Improved Web Security with HSTS

Development, Networking, Security comments edit

HSTS (HTTP Strict Transport Security) is a security policy where a web server instructs the client that the website they are calling can be used with HTTPS only. By using tools like Wi-Fi PineApple and sslstrip a man-in-the-middle attack can be carried out easily. The attacker can redirect the victim to HTTP version of the site they are connecting to and after the login info is submitted in clear-text and captured the victim is redirected back to HTTPS. By using HSTS the client browser always makes the calls over HTTPS hence reducing the risk of MitM attack. It’s not bullet-proof but still an improvement over not using it.

Implementation

HSTS is basically a response header. In an ASP.NET application it can be added in the web.config file as below:

  <system.webserver>
    <httpprotocol>
      <customheaders>
        <add name="Strict-Transport-Security" value="max-age=31536000" />
      </customheaders>
    </httpprotocol>
  </system.webserver>

And when you visit this site over HTTPS response looks like:

HSTS

This header tells the browser to use only HTTPS from now on for 1 year. Also, the response header can be added in the BeginRequest event handler:

protected void Application_BeginRequest(object sender, EventArgs e)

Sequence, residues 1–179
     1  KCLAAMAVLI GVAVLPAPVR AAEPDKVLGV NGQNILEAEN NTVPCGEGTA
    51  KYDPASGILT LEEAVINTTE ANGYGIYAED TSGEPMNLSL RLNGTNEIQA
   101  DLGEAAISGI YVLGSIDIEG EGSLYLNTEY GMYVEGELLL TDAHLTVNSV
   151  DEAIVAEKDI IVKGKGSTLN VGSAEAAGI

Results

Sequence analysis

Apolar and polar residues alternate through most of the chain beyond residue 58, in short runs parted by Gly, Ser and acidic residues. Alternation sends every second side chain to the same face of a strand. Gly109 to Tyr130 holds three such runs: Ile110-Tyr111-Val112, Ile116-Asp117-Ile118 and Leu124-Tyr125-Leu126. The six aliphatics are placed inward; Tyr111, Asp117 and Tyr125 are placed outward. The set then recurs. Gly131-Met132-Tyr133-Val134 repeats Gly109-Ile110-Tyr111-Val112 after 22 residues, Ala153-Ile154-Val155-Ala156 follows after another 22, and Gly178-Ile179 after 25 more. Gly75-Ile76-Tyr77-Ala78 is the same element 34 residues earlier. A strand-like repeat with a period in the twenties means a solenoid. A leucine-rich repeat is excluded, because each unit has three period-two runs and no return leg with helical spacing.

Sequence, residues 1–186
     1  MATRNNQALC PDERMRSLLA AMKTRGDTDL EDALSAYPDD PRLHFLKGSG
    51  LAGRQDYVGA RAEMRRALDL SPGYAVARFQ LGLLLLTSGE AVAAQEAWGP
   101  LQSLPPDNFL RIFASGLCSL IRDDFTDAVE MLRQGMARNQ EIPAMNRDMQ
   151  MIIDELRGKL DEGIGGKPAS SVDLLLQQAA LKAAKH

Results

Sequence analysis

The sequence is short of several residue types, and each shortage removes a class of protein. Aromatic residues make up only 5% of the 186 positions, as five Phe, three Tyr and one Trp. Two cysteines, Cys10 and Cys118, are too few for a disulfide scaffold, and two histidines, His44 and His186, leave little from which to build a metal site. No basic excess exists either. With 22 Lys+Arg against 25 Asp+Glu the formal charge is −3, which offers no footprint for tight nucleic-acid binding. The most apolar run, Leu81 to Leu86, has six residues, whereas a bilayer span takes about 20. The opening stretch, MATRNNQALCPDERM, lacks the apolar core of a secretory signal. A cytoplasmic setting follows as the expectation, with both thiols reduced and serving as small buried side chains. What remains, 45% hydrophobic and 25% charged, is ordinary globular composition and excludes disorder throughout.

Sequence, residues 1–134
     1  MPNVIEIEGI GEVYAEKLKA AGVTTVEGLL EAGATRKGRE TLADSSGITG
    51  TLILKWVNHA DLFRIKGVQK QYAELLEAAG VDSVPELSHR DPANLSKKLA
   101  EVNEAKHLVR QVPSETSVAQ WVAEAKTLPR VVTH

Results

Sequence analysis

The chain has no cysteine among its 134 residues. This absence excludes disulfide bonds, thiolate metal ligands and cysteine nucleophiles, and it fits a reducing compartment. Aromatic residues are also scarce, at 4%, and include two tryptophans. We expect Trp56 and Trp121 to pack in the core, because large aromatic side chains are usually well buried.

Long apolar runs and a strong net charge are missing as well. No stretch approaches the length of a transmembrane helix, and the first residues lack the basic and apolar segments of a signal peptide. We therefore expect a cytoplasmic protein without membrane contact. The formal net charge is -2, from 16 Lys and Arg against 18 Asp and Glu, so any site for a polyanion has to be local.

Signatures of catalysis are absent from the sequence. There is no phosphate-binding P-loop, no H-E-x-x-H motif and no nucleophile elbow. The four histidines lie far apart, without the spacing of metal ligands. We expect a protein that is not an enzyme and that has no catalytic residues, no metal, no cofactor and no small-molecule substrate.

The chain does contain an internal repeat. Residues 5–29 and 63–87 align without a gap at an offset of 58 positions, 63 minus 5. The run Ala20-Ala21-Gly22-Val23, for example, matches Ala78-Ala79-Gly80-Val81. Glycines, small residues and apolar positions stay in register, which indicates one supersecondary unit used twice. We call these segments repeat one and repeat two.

{
	protected void Application_BeginRequest(object sender, EventArgs e)
	{
		switch (Request.Url.Scheme)
		{
			case "https":
				Response.AddHeader("Strict-Transport-Security", "max-age=31536000");
				break;
			case "http":
				var path = "https://" + Request.Url.Host + Request.Url.PathAndQuery;
				Response.Status = "301 Moved Permanently";
				Response.AddHeader("Location", path);
				break;
		}
	}
}

HSTS header only works with HTTPS. So you can not observe it HTTP responses. That’s why redirecting to HTTPS is required. Because if the client uses HTTP all the time and if there is nothing forcing the user to use HTTPS, even if you have HSTS turned on, the client will never receive those responses. So at this point even if an attacker is redirecting the user to HTTP, the browser will always make the requests over HTTPS.

Shortcomings

  • Not all browsers support it. It works with Chrome and Firefox but not with IE and Safari
  • Cannot protect for the first call: If the user is making a call to a site for the first time and there is an attacker in between it wouldn’t work. At least it would start working after the attacker is finished with the attack and redirected the user back to HTTPS.

Resources

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